Public Health England (PHE) has advised all school leavers to get the jab from their GP.
It comes as there has been a sharp increase in a highly aggressive strain of MenW, with one in 10 cases resulting in death.
PHE is targeting young students who are at greater risk because they mix closely with large groups of new people, allowing the bacteria to spread quickly.
Anyone infected by the bacteria can develop meningitis, the infection and inflammation of the brain, or septicaemia blood poisoning.
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Early symptoms include headaches, vomiting, muscle pain, fever, cold hands and feet.
Survivors can be left with life-changing disabilities like hearing loss, brain damage and loss of limbs.
In 2009/10 there were 22 cases in children and adults in Britain, but this rose to 209 in 2015/16.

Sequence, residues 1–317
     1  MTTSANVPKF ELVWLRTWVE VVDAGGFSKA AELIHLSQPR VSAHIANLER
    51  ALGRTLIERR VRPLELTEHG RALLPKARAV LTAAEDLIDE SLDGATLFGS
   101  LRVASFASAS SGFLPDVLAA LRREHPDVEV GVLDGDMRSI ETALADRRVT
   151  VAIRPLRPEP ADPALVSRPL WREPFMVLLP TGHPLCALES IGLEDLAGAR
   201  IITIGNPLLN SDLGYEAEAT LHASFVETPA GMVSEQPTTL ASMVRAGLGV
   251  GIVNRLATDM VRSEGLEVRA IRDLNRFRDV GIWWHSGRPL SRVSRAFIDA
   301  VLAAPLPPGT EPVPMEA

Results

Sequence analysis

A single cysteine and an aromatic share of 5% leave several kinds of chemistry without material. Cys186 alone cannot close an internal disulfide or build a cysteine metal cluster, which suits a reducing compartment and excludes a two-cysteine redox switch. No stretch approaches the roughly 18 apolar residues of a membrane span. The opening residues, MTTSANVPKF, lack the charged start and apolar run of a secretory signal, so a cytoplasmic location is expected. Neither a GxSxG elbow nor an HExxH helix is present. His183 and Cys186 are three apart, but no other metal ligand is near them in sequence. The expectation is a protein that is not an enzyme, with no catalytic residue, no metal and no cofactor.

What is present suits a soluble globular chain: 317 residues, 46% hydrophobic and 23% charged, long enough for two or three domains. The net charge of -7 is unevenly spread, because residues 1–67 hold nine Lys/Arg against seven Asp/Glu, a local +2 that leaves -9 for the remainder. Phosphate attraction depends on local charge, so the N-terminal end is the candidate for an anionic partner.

PHE head of immunisation Dr Mary Ramsay said: ‘It’s only a month since we first made our appeal to these teenagers, so we know many will still be making arrangements to get vaccinated.
‘But I strongly urge those who haven’t done so to get their injection now. If you’re not registered with a GP yet at university, get registered and get your jab.
‘New students should be alert to the signs and symptoms and should not wait for a rash to develop before seeking medical attention urgently. ‘Students are also encouraged to look out for their friends, particularly if they go to their room unwell.’
Young people can get their jab from their GP, either at home or where they are studying.